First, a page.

By Don Nelson
Ethanol's promise of cheaper fuel and less dependency on foreign oil has political leaders pushing for more production of the alternative energy source, but livestock owners have a big beef with the corn-dependent fuel.
Ethanol, or grain alcohol, is produced domestically from crops such as corn and combined with unleaded gasoline to make a cheaper and cleaner fuel blend.
The demand for corn by ethanol refineries, however, has eaten into the supply of grain feed available for livestock, driving up the cost of corn to more than $4 a bushel, nearly double the price paid last year, say farmers in Northeast Georgia.
That, in turn, has cut into the bottom line of cattle sales.
University of Georgia agribusiness experts will discuss, among other topics, the extremely high grain prices and their effect on Georgia's farming industries during a series of agricultural economic forecasts starting Monday.
"As cattle producers, we're at the mercy of what happens with corn," said Glenn Farrar, president of the Clarke-Oconee Cattlemen's Association and owner of the Vet at Blue Ridge.
The growth in ethanol production during 2006 had ethanol refiners consuming up to 20 percent of the U.S. corn crop, according to a Feb. 13 article in U.S. News and World Report.
The dwindling supply and higher cost of corn means Midwestern feed lot owners who fatten up cows on corn before selling them to meat processors are paying less to the farmers who raise the cattle and other livestock. Meat packers set the price that consumers pay at the grocery store.
"Most people outside of agriculture don't realize farmers are about the only people who don't set the price of their commodity," said Russ Page, an Oconee County cattle breeder. "Unless you sell purebred cattle like me, if you have 100 cows and sell 80 or 90 calves, your bottom line depends on what the feed lots pay you."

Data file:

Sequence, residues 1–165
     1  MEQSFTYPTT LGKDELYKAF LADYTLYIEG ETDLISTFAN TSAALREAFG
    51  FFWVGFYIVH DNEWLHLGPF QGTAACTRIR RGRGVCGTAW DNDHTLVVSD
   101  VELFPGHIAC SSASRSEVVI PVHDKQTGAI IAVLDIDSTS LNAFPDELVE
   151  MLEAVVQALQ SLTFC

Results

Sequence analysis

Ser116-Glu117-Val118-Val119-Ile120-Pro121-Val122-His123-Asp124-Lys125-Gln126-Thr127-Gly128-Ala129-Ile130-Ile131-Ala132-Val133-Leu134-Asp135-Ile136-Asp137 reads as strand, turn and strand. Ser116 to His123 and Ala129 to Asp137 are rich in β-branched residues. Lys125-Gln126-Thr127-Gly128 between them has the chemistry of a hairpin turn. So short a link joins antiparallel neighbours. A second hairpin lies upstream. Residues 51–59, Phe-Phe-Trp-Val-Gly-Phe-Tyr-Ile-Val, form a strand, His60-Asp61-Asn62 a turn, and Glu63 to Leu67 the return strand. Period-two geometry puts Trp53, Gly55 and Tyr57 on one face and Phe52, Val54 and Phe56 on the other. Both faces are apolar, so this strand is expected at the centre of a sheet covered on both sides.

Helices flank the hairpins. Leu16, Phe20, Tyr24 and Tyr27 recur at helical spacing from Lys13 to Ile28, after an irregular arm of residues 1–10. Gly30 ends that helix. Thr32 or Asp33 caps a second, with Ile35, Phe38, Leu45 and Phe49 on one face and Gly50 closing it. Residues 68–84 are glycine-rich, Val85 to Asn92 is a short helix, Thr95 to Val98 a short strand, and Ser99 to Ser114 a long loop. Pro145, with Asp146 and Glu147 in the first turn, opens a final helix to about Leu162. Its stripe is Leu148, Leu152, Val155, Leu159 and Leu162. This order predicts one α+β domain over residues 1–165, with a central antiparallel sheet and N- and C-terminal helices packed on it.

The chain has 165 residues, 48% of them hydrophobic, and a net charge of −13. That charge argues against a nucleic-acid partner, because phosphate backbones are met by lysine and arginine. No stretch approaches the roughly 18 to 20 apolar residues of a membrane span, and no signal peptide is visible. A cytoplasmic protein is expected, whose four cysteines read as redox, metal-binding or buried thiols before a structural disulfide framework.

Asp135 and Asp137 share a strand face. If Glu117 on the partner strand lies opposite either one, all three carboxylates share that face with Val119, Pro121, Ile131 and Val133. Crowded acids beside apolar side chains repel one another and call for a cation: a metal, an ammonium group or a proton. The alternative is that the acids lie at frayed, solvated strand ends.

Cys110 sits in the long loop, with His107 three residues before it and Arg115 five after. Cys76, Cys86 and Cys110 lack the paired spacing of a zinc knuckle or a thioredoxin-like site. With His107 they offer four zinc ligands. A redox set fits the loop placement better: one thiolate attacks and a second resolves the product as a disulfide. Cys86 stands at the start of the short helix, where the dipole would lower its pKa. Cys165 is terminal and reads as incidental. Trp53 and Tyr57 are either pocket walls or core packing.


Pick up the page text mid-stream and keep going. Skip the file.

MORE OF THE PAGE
Wayne Peters, a cattle farmer in Monroe, said fat cows, the 1,200-pound to 1,300-pound steers and heifers from which steaks are cut, are losing at least $100 an animal.
"The fat cows cost like the dickens to feed in the West," Peters said. "It's also costing more to raise and feed them (here), but they are bringing less at auction."
"From last August and September, the price of calves probably dropped 30 cents a pound," said Todd Stephens, who manages Northeast Georgia Livestock Auction on Winterville Road in Athens.
The auction barn sells sheep, goats and cattle for area farmers. Stephens, who also raises about 100 head of beef cattle and some chickens, said a 500-pound calf formerly sold for $1.25 a pound, but these days is bringing only about 95 cents a pound, a $150 difference on the calf.
As they get less for their animals, farmers continue paying more to feed them. Oconee cattle breeder Page said the price of a 50-pound bag of partial corn feed mix recently jumped $2 in a matter of weeks.
Whether you are raising cattle for breeding or sale at the auction, corn is important to beef production, Page said.
"If you don't feed them some grain, the cattle don't grow as fast and reach reproductive age as fast," he said. "It hurts the bottom line."
The corn factor also hurts dairy farmers, said Farrah Newberry, the Georgia Milk Producer's executive director who lives in Watkinsville. Dairy farmers use more corn than hay in cattle feed, Newberry said, and farmers usually benefit from the traditional seasonal decline in corn prices in the fall.
But grain prices remained high throughout last year, and when corn goes up, every other feed additive does as well, Newberry said. Those higher prices, plus more expensive energy costs, hurt even more because dairy farmers were paid the lowest milk prices in 30 years, Newberry said.
"We are definitely worried about ethanol's impact, but also worried about losing our local industry and food supply, not just in Georgia but across the country," Newberry said.